First, the border between the Central African Republic and neighboring Chad crosses an oil-rich area. This is the area where the Muslim minority is from, and it is close to the border of Sudan, most especially to the border of the troubled Darfur region. So far, only Chad is exploiting the oil deposits along the Chad-CAR border, and proceeds from oil production account for up to 90% of the budget of the Chadian government. Because of the nature of the oil deposits, pumping oil on one side of the border diminishes the amount of oil that is recoverable on the other side. The Central African Republic has occasionally tried to address oil exploration and production, but government instability has resulted in new governments being installed every few years, with no real progress toward the goal of oil production. This means that, absent equal production on both sides of the border and absent an agreement between Chad and the Central African Republic regarding revenues from these oil fields, every dollar that Chad makes off the production comes, to a certain extent, at the expense of the Central African Republic.
Superimposed upon this, various factions seek to control production of diamonds and other minerals, as well as control of the smuggling routes through the region. Superimposed upon this, and growing in importance, is the religious issue, wherein the Séléka forces are mainly Muslim, with ties to and support from the corrupt Islamist government in Khartoum, Sudan, as well as to other regional players.
With this background established, we return to The Central African Republic: A Primer on the Current Crisis, by Jon Lunn, (keep in mind this information was from February, 2014; the linked BBC article is linked in the original):
While a superficial degree of calm has returned to the capital, Bangui, violence continues in many other parts of the country, with reports that Christians and Muslims are being forced to leave their homes as areas are 'cleansed' by rival fighting forces. UN Secretary-General Ban ki-Moon has stated that "de facto partition of the CAR is a distinct risk." Christian extremists go so far as to assert that there is no future place for Muslims in CAR. Some Muslims are now talking about northern secession and there have been unconfirmed reports that al-Shabaab 'trainers' from Somalia are now offering their services.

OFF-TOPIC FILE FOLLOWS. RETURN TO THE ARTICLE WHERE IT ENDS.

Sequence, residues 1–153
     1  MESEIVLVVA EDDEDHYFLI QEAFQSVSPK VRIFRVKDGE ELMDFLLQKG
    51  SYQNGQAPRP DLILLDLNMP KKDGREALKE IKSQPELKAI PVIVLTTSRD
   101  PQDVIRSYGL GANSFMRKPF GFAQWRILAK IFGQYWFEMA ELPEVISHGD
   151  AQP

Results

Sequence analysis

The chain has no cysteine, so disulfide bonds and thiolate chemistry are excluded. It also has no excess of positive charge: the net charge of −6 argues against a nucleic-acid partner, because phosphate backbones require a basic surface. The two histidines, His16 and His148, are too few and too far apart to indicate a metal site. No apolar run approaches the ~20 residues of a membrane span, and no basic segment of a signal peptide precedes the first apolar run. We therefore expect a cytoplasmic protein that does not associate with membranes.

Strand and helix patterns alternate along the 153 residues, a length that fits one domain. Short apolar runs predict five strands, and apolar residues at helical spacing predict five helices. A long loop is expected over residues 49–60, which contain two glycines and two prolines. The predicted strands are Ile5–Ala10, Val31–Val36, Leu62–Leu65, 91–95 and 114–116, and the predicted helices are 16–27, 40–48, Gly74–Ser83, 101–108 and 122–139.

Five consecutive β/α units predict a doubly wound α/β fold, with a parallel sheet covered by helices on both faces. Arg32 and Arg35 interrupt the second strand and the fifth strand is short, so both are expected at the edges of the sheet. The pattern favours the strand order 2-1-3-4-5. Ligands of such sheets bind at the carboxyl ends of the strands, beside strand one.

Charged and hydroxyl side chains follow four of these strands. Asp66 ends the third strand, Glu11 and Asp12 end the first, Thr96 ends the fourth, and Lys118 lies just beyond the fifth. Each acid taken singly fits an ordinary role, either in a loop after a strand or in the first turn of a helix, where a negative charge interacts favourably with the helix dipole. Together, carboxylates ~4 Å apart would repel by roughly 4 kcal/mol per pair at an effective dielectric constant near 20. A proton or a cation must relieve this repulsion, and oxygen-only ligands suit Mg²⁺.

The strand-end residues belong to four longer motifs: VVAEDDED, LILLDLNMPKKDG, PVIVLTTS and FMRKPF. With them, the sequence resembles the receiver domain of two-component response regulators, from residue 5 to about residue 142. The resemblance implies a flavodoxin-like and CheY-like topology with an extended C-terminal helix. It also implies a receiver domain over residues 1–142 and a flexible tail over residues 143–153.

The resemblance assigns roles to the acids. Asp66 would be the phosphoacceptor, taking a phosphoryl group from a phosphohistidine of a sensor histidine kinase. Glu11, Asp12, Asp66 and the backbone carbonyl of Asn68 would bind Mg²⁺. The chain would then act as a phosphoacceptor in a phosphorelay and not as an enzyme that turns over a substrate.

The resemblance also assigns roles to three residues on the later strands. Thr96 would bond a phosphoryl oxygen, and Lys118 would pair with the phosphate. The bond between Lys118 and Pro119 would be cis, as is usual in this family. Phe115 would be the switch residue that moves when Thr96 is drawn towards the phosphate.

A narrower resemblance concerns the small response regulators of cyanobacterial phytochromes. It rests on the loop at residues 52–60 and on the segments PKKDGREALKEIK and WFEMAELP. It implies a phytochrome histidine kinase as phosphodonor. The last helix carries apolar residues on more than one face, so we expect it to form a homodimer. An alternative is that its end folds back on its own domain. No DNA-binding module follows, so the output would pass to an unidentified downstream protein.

Thus, the Central Africa Republic is a battleground where oil, diamond and other mineral resources, as well as smuggling routes, are being fought over with interest from players within the region as well as beyond (China and South Africa are interested in the oil, and France in the oil and in some uranium deposits), but due to the existence of militant Islam and its presence in proximity to the Central African Republic, and due to the nature of the Central African Republic's demographics, typical of the region, wherein the more arid regions of the north are populated by Muslims and the areas in the forested south (which, though landlocked, is closer to the coast) by Christians and animists, it is likely the religious dimension of the conflict will grow and could ultimately become the main driver of the conflict, at least on the surface.
Antecedents: Prior Unrest in the Central African Republic
In establishing the Central African Republic's background, the International Crisis Group in its publication entitled Central African Republic: Anatomy of a Phantom State, from December 13, 2007 (pg 3 of 48), painted a gloomy picture:
The Central African Republic (CAR) is if anything worse than a failed state: it has become virtually a phantom state, lacking any meaningful institutional capacity at least since the fall of Emperor Bokassa in 1979.
The CAR has been formally independent for nearly a half century but its government only gained a first measure of popular legitimacy through free elections in 1993. The democratisation process soon ran aground due to newly manipulated communal divisions between the people living along the river and those of the savannah, which plunged the country into civil war. Through a succession of mutinies and rebellions which have produced a permanent crisis, the government has lost its monopoly on the legitimate use of force. Foreign troops mostly contain the violence in the capital, Bangui, but the north is desperate and destitute, and in a state of permanent insecurity.